Enhancing the offline B2C service experience


The view of reality through our AR app for food choice

Our laboratory experiments in a “simulated” supermarket show that AR applications can aid consumers in making healthier food choices. In particular, we developed a mobile AR application that guides consumers by providing advice about the product they are facing on a supermarket shelf. Just as AR can add virtual information to a physical environment, it can also remove information from the perception of that environment. For instance, by de-saturating the colour of ‘unhealthy’ product options in a supermarket setting, our AR application creates a digital mark-up with profound implications for consumer decision making and marketing practice. The ability to filter out distracting information improves the consistency of consumers’ decisions. However, it also reduces the influence of packaging design and shelf positioning; two important tools relied on by managers to drive retail sales. As AR empowers consumers to make choices that are consistent with their diet and lifestyle goals, it has the potential to disrupt existing marketing practice. Embracing such consumer empowerment, firms can gain the opportunity to enhance the service experience and enable personalization in traditional brick and mortar retail settings. The growth in popularity of AR shopping experiences will also drive new possibilities to deliver product interactions, the sharing of information with peers, and complementary product suggestions at the point-of-sale.

Enhancing the back-office B2B service experience

AR smart glasses for order-picking suppport

AR smart glasses for order-picking suppport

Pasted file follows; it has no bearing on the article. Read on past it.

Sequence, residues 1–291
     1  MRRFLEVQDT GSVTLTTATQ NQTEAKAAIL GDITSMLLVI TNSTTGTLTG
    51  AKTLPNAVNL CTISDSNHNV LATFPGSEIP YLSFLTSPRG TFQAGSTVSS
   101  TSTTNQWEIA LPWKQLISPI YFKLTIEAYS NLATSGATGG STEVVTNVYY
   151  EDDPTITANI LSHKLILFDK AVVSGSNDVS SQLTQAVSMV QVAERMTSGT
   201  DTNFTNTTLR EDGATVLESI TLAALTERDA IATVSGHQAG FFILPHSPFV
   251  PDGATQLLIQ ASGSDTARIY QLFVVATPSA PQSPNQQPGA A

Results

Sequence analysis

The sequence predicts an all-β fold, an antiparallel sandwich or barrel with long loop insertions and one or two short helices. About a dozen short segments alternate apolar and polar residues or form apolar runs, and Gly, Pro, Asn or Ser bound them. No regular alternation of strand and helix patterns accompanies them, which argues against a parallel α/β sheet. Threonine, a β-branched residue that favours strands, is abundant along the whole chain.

A look beyond B2C services reveals the potential of AR to contribute to personal well-being in other domains. Together with industrial AR solutions provider Evolar [8], we put AR smart glasses for warehouse order-picking support to the test. Through their smart glasses, participants received picking instructions directly in their field of vision, resulting in reduced task completion times, error-rates and perceived work stress. As a result of higher levels of enablement, participants consistently reported that they felt empowered, rather than controlled, by the AR system.

The road ahead

Future research can benefit from the recognition that the implications of AR for consumers extend beyond improved service delivery. The seamless integration of virtual content into the perception of the physical reality fundamentally alters consumers’ interaction with that reality by enriching it with added sensory information, making it malleable to consumer tastes and changing decision-making. As the possibilities for AR-enabled service experiences abound, we consider service research as uniquely situated to leverage its long-standing customer focus to drive the AR business case and research agenda.

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Tim Hilken and Dominik Mahr
Maastricht University

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Jonas Heller and Mathew Chylinski
UNSW Business School

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Ko de Ruyter
Cass Business School

Find out more about Augmented Research:


[1] Azuma, R. (1997). A survey of augmented reality. Presence, 6(4), 355–385.

[2] Digi-Capital (2016, March 16). AR/VR investment hits $1.1 billion already in 2016. Retrieved from:

[3] Metz, R. (2015). Magic Leap. MIT Technology Review. Retrieved from:

[4] Miller, R. & Constine, J. (2015, May 28). Apple Acquires Augmented Reality Company Metaio. Retrieved from:

[5] Gartner (2015, August 18). Gartner’s 2015 Hype Cycle for Emerging Technologies Identifies the Computing Innovations That Organizations Should Monitor. Retrieved from:

[6] Reynolds, S. (2015, February 5). Why Google Glass Failed: A Marketing Lesson. Retrieved from:

[7] Nielsen, M.L. (2015, July 10). Augmented Reality and its Impact on the Internet, Security, and Privacy. Retrieved from: